The conductor and most soloists are from Russia, Georgia, and Ukraine.  So I assume the Russian was perfect, of course the only word I can make out is “Nyet.”  We had heard Ildar Abdrazakov several times, including the roles of Henry VIII in Anna Bolena and Attila.  And we had seen Petrenko conduct a couple of times before also.  In any case, the singing was uniformly good.  I especially enjoyed Olga Borodina as Marfa.  I am still a bit puzzled by how sometimes the sound would come across really loud at certain locations on the stage.  For tonight it was on the right close to a balcony-like structure.

The set used was designed in 1985.  While it still works, as it should, it is interesting that the Met didn’t try to refresh it for this run.  Perhaps they ran out of money after spending a great fortune on the Ring Cycle?  One would expect to see the Onion Domes of the Krelim if the Scene is the Red Square, and one would be disappointed.  What we got was a close up view of the columns.  The immolation scene leaves a lot to the audience’s imagination.  There is this pile of wood in the middle, surrounded by a hundred or so Old Believers holding candles in their hands.  A bright light and smoke would tell the audience that the pile is on fire.  Basically the same concept as the scene in Gotterdammerung, but not to as good an effect.  They might just as well learn something from the new Ring production.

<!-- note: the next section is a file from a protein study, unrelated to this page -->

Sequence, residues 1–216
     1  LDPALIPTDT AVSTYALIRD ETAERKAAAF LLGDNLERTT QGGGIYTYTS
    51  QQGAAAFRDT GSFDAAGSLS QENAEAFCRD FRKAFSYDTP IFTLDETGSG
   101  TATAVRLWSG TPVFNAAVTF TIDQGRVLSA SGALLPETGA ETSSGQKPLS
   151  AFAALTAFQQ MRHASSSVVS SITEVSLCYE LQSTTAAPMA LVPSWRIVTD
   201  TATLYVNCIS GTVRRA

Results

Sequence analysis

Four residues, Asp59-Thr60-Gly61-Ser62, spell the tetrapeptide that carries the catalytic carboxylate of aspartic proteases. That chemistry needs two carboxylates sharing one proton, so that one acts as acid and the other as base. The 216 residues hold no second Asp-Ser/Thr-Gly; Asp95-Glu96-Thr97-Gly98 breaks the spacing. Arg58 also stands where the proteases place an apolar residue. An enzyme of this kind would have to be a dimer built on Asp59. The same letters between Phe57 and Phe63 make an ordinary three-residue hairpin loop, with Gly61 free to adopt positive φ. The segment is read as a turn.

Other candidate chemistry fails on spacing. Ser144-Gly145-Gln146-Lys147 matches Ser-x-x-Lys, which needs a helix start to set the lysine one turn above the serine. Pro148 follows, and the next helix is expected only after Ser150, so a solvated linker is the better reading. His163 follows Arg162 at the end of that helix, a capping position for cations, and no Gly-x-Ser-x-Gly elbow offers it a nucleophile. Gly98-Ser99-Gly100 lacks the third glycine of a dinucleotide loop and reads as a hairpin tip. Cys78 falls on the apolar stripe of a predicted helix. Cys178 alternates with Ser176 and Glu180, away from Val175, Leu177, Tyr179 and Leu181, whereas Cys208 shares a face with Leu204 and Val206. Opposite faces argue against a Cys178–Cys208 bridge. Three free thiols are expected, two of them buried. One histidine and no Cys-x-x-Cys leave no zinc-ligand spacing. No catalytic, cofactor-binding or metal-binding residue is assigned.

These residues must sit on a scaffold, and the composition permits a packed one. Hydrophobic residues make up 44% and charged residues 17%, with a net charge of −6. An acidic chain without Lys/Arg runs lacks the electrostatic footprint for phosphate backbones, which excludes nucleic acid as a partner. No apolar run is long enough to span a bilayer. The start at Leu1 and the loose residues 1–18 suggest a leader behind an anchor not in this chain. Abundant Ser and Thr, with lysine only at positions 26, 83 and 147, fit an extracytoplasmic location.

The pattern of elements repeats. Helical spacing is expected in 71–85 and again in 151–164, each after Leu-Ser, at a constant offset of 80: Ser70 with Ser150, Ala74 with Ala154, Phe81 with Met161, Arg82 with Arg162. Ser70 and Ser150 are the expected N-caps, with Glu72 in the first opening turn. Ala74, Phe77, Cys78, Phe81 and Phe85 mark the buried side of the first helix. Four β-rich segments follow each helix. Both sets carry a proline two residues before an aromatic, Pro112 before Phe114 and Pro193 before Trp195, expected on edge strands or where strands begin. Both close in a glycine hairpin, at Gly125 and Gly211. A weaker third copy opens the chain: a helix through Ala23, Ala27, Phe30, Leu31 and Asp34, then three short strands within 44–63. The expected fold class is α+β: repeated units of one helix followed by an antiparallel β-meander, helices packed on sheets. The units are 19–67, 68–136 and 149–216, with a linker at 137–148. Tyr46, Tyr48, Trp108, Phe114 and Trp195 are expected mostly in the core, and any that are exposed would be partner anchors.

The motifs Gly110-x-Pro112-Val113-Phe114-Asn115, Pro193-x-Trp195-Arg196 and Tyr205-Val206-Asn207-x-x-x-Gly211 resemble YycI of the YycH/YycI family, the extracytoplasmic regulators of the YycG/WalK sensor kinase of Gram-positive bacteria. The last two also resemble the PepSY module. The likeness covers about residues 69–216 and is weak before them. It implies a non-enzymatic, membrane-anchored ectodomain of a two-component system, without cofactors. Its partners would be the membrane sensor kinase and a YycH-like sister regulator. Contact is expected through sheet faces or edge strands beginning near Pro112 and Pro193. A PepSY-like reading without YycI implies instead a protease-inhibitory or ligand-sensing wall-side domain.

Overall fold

The concert started at 7 pm and didn’t end until about 11:25 pm.  With two intermissions and several scene changes I would guess the opera itself was a bit over three hours.  I suspect unless this is turned into something on the scale of the Ring, lengthening the opera by an hour or so won’t help with clarifying what is happening, given how discombobulated the story is at this stage.

There are some moments that someone fully engaged with this opera will find poignant, but I don’t really get them.  I would have enjoyed the opera a lot more if it is not trying to say so many things at the same time.

The New York Times reviewer loved the opera, calling it “one of the best things the Met has done this season.”  Sounds very much like the people sitting around me, including the lady sitting next to me who seemed clueless most of the time (from the questions she was asking her companion) but ended up applauding very enthusiastically.  And now that I have read the review, another person was just quoting what she read!  I do like the reviewer’s description of the Persian dance: “bland new choreography.”

The reviewer Zachary Wolfe also says Gotterdammerung left him "cold," but he didn't write the review of that opera for the Times, Tommasini did.  I guess it is not surprising that different people get different takes from the same performance.